For me, each step of creating a silk scarf is comprised of intense moments, and I think that's because I want each piece of silk art to be just what the buyer is looking for.
OK, I have layered and rolled all the dyed scarves onto a wire roll( see photo to the right). Just layering each scarf and then rolling the batch of layered scarves is a 2 hour process. You don't want any scarf sticking out and overlapping onto another scarf. After I've rolled the batch onto the wire mesh cylinder, I set up the steaming pot. (See photo to the left).If I would have purchased a pot from a catalogue I would have payed close to $300.00.This steaming pot saved me about $280.00, because I bought a clam chowder boiler pot. Then a friend rolled a piece of sheet metal to fit inside the pot leaving about 2-3 inches away from the sides of the pot. He popped it with some rivets to hold its shape. On the bottom of the pot sits a raised round metal pan with holes cut into it. This is where I set the cylinder of scarves on top of that metal pan which is 7 inches above the water
I always set up the steaming pot inside the garage. I pour 4-5inches of water into the bottom of the pot. The water never, NEVER touches the cylinder of scarves. All you want to have circulating around the scarves is steam, never water. Before the cylinder is placed into the pot I wait till the water is at a low boiling point.
The cylinder is placed onto the metal pan, careful not to touch the sides of the rolled sheet metal. I then cover the top with a couple of braided rugs, 2 towels, and heavy cotton sheet, which I tuck around the side of the pot to hold the steam in.
Then comes the waiting game; usually 2-3 hours. It takes that long to allow the steam to set the dyes deep into the fibers of silk. I am up and down the two step into the garage maybe 30 times in that 2-3 hour period of time.
I am making sure the pot has not tipped over. I am checking to make sure the water is still at the right level and slowly simmering. And that the steam is pouring through the rugs, and towels I have placed over the pot: These are all good indications that everything is coming along just right!
The time is finally up! I turn off the electric hot plate, and lift the cylinder full of steaming scarves out letting them cool before unwrapping. I empty the chowder pot of hot water in some weedy part of the garden. Turn it upside down to drain any excess water. I hang the rugs and towels up to dry.
And then , and then I begin to cut the strings that held the wrapped scarves onto the cylinder. I unroll the batch, then begin to peel off each layer of newspaper, releasing each silk scarf. I check to make sure there are no splash over of other dyes. Hey, no matter how careful I've been, sometimes it just happens. But they are beautiful ooopses.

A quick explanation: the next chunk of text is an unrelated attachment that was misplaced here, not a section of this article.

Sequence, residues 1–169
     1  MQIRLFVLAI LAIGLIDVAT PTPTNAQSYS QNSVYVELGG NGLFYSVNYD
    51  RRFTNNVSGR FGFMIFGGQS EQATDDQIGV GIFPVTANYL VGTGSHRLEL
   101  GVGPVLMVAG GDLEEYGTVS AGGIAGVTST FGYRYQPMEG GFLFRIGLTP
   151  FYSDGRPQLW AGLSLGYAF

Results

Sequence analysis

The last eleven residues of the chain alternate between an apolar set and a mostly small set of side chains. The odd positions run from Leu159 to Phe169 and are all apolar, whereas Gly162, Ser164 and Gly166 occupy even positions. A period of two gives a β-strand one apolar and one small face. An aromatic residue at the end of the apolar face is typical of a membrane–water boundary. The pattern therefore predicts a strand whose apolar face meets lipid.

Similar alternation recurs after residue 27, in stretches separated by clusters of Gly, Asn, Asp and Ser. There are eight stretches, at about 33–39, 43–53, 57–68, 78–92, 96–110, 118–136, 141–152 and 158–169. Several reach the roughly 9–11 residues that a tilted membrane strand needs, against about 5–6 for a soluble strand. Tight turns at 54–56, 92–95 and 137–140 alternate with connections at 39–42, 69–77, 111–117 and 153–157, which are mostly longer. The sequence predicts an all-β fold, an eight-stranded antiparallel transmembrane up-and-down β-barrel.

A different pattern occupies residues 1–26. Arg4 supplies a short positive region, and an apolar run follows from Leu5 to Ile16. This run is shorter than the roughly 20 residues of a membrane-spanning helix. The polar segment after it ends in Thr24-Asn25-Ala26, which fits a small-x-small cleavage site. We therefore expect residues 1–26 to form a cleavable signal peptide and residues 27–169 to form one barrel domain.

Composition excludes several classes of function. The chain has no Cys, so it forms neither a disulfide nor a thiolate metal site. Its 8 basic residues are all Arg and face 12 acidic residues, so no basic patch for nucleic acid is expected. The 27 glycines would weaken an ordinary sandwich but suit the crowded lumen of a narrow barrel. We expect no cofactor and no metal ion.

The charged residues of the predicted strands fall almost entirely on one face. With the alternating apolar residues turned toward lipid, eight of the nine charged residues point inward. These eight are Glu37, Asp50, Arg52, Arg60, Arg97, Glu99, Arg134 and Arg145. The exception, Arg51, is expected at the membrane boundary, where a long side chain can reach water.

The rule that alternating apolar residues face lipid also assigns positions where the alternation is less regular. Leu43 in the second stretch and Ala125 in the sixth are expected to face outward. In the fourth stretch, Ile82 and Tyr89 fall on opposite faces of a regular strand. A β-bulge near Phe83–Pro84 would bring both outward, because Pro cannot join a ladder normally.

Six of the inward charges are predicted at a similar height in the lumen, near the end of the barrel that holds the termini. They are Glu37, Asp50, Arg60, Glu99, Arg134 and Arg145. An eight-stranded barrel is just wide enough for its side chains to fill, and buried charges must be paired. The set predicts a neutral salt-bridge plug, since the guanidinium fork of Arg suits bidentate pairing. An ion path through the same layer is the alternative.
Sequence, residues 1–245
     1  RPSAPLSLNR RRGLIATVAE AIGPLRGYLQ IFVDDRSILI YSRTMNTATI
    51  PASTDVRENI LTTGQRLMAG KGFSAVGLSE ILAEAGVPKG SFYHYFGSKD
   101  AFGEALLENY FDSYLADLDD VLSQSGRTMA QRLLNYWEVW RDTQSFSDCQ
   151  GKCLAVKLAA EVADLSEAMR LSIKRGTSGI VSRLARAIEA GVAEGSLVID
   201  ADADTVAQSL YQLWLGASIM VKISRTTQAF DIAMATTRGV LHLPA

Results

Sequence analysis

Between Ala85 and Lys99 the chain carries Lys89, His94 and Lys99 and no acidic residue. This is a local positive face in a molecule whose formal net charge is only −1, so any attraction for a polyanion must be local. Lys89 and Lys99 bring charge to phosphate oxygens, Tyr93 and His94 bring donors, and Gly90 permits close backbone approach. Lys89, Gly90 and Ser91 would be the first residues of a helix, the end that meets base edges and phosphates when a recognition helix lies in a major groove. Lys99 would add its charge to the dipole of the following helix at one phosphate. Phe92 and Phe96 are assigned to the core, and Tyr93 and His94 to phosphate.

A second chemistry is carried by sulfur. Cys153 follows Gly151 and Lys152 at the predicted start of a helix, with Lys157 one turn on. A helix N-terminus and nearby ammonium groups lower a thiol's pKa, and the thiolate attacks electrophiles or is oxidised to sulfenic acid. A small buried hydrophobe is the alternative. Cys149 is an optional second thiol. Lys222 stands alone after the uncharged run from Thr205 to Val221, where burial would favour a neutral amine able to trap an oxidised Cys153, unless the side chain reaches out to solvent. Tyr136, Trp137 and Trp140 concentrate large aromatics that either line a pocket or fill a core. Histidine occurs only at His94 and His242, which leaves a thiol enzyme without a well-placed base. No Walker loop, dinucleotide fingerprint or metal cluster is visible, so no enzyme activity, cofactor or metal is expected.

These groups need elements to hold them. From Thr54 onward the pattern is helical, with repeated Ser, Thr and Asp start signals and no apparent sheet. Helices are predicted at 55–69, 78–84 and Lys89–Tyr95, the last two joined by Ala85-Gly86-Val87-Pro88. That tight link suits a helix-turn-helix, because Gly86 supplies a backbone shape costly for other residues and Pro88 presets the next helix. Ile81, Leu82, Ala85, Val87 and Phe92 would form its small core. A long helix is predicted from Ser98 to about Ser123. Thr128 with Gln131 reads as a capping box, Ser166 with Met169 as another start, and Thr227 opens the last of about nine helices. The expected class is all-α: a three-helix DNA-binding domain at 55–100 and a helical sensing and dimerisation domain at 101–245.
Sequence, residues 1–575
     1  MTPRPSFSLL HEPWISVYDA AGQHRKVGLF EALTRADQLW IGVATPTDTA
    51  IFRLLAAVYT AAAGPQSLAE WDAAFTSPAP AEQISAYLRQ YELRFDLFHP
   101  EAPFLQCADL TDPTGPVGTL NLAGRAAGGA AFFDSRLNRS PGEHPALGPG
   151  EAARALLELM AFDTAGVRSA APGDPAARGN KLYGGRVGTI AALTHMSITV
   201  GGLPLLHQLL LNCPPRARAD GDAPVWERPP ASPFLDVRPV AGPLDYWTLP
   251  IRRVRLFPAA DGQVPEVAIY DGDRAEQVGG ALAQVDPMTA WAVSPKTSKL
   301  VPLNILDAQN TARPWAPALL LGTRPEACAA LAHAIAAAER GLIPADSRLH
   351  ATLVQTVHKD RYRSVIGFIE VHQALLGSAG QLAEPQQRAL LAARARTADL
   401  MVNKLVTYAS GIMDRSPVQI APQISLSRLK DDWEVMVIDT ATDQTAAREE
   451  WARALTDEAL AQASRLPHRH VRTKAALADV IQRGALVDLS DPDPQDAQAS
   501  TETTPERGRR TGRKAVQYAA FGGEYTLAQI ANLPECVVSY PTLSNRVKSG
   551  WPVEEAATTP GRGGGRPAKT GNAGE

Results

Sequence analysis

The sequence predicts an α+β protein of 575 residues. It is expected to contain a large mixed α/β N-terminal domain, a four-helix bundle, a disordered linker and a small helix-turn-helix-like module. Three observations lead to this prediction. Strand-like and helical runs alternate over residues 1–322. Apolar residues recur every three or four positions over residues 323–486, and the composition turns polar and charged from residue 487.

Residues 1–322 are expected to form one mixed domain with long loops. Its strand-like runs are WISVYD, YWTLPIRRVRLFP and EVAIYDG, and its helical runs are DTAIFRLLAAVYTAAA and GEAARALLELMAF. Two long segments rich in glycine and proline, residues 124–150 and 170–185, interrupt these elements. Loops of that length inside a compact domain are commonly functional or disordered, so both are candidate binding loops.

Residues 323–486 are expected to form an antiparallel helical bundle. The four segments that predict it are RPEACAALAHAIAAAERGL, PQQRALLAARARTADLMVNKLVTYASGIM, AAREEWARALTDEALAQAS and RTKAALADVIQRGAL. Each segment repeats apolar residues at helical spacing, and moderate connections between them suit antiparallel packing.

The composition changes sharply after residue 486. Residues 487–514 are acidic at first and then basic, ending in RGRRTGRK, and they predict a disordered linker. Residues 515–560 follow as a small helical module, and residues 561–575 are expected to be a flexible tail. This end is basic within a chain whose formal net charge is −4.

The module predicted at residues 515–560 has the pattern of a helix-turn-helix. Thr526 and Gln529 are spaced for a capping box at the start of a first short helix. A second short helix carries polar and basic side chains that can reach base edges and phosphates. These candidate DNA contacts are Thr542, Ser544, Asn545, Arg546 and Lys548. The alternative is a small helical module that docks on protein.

About 3 batches ago, I had some beautiful ooopses. Each one I sold, the buyers comments and feedback were all very positive. Go to my http://mysticsilks.etsy.com/ feedback and read. Except for one. I gave her, the buyer good feedback;payed promptly, etc. She slaps me with negative feedback and the most nasty comments: Poor quality, poor wrapping.
WOW! I was heartbroken. I contacted her offering her a refund if she was that unhappy.
She wrote me back, she couldn't return it. She had given it as a gift!!
If you figure that one out, let me know. How displeased was she? Or did she dislike the person she gave the gift to? But if you didn't like someone, would you give them a gift?
I have remained puzzled since that time, and kind of sad , too. Cuz I really loved that scarf. The one to your left is that scarf!
OK,the scarves are peeled away from the layers of newspaper. I let them dry overnight. The next day, I wash the scarves in a gentle soap water. Then each scarf is rinsed till the water runs almost clear. I say almost because, it seems for the first few washings there will always be a residual bit of dye in the scarf. Out comes the ironing board and each scarf while damp is ironed. Then I set up my photo taking drop cloth, and begin to set up the scarves for their photo session. This is an all day process. I take 5-6 different angles with different props.
The I head over to picnik.com and edit each photo till I am satisfied I have brought out the best depth of colors. You'd think we'd be finished, huh?
But no! Off I go to http://mysticsilks.etsy.com/ or to http://mysticsilks.artfire.com , and if it's a painting, off to http://designstyleguide.net and I spend another 2 hours per scarf to list each scarf separately on one of those website stores.
I wait with anticipation till my silk beauties sell, and I hear how pleased each buyer is--:)